We used GENALEX software version 6.5 (Peakall and Smouse, 2012), to calculate the observed heterozygosity (Ho), expected heterozygosity (He), Shannon’s allele information index (sHA), Shannon’s mutual information index (sHUA) and pairwise FST and ΦPT, from diploid X chromosome and autosomal data. We calculated haplotypic diversity (h), Shannon’s allele information index (sHA) and Fixation index for haploid X chromosome and Y chromosome data as well as pairwise ΦPT for Y chromosome data. ΦPT allows estimation of population genetic differentiation from haploid or binary data as well as diploid data (Peakall et al., 1995). For X chromosome loci, GENALEX was also used to calculate He for male and female data together. From this mean He for autosomal and X chromosome data, and from mean h for Y chromosome data, we used the equation θ=0.5 * ((1/(1−He)2)−1) to estimate θ expected under the stepwise mutation model (Kimura and Ohta, 1975).

We estimated pairwise relatedness and inbreeding coefficients for individuals from each population using COANCESTRY (Wang, 2011). For these analyses, we used data from autosomal markers only. We selected the triadic likelihood estimator (TrioML) because this estimator is able to account for inbreeding. We used 1000 bootstrap simulations to generate 95% confidence limits around the expected difference in mean relatedness and inbreeding between random groups of individuals. The observed differences in mean relatedness and inbreeding coefficients between the Kangaroo Island and Garden Island populations, and between males and females within each population, were then compared with these simulations to test for significant differencies between observed groups of individuals.

STRUCTURE (Pritchard et al., 2000) was used to investigate genetic structure within each population for: (i) autosomal data only, (ii) X chromosome data only and (iii) all data combined, with Y chromosome haplotypes coded as a single locus in males and as missing data in females. Data input files included information on phase information for each genotype (haploid or diploid, with the second allele coded as missing data for haploid loci). The parameters used assumed admixture and correlated allele frequencies (Falush et al., 2003). To estimate the number of clusters, K, for each data set, 20 runs were conducted for each value of K from 1 to 7, each with a burnin of 10 000 repetitions followed by 150 000 MCMC repetitions. For each data set, using STRUCTURE HARVESTER (Earl and vonHoldt, 2012), we calculated the mean likelihood, LnP(K), and s.d. for each value of K, as well as ΔK, the second order rate of change of the likelihood with respect to K (Evanno et al., 2005). NETWORK version (Bandelt et al. (1999); was used to construct a Y chromosome haplotype network. We used the median-joining network algorithm with the parameter epsilon set to a value of 10. Knowledge of the mutation rates for these loci is inadequate, so perfect dinucleotide repeats (MeY-01, MeY-03 and MeY-57) were weighted w = 2 and imperfect repeats (MeY-28, MeY-37) were weighted w = 5, meaning that loci with lower expected mutation rates were assigned higher weights. We used the MP option (Polzin and Daneschmand, 2003) to identify and remove unnecessary median vectors and links.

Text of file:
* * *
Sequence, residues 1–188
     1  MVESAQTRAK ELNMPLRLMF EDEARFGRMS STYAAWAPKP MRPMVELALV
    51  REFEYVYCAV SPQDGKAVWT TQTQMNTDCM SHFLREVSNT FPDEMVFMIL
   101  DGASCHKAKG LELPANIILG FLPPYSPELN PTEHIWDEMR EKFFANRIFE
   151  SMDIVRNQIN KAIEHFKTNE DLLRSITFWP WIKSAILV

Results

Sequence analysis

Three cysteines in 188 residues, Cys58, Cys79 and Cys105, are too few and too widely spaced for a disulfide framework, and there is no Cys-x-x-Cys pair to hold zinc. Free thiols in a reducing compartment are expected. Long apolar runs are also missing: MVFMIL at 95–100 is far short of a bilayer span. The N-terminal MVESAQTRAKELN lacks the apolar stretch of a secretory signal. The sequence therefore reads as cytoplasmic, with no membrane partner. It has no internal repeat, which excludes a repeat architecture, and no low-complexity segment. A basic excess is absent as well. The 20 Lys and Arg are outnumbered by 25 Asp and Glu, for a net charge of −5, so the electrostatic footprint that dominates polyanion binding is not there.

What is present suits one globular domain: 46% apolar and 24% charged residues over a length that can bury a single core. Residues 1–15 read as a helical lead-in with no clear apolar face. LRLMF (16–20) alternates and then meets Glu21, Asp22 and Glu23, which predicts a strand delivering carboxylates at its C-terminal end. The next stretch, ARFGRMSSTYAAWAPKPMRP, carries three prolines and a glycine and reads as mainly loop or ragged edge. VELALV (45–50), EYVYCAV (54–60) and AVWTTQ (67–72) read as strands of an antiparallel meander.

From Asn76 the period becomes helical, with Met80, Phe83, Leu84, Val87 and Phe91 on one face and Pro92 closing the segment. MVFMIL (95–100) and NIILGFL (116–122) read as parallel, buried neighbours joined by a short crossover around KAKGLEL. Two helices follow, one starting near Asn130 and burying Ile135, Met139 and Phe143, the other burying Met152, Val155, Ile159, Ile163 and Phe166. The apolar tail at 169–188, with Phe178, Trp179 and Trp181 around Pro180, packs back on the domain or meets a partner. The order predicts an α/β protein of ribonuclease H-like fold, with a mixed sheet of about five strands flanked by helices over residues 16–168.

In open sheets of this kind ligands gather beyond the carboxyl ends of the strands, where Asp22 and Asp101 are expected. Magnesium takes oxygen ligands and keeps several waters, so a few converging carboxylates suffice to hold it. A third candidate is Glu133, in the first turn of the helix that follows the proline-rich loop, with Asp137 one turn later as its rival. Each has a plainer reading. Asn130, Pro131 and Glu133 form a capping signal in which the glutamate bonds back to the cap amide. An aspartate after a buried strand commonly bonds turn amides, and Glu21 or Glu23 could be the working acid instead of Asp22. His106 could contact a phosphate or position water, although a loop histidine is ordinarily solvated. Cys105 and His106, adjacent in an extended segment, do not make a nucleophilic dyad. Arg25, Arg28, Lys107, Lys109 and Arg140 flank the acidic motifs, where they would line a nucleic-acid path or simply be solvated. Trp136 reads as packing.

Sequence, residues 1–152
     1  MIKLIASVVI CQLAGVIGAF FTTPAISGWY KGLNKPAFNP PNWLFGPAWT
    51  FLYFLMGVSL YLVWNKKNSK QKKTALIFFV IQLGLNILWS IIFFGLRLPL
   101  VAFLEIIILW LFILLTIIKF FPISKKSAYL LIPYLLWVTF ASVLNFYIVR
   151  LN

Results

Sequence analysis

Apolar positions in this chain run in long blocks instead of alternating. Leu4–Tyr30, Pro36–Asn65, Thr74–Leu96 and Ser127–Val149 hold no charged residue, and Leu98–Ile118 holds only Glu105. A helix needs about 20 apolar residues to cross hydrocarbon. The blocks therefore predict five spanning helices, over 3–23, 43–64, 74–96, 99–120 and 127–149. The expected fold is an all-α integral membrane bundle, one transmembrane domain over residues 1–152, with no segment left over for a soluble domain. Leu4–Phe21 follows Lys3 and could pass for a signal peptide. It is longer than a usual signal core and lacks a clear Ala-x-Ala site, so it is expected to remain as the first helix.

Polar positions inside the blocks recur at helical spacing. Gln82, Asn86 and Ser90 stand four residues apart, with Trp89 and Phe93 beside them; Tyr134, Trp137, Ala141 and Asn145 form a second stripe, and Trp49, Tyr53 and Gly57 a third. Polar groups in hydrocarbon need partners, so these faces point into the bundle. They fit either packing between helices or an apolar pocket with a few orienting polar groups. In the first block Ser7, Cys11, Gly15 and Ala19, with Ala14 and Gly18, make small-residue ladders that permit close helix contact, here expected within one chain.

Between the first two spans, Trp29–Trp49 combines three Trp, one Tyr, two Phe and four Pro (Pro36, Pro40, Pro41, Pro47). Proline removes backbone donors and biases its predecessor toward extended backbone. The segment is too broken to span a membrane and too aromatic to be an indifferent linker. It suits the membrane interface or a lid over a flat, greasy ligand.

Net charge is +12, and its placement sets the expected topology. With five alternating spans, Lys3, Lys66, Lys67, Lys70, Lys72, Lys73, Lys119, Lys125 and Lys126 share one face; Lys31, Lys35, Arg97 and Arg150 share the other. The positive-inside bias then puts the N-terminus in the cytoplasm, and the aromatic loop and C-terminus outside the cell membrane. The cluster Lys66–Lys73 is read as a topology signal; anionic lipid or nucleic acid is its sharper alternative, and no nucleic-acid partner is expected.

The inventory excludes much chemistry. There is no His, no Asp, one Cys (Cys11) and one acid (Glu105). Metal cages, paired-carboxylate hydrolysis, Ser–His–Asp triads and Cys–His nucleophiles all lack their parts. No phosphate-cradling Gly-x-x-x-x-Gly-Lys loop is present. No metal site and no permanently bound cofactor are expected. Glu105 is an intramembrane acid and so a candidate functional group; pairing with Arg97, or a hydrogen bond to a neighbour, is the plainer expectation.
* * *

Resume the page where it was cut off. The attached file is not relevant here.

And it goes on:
Characterising microsatellite variation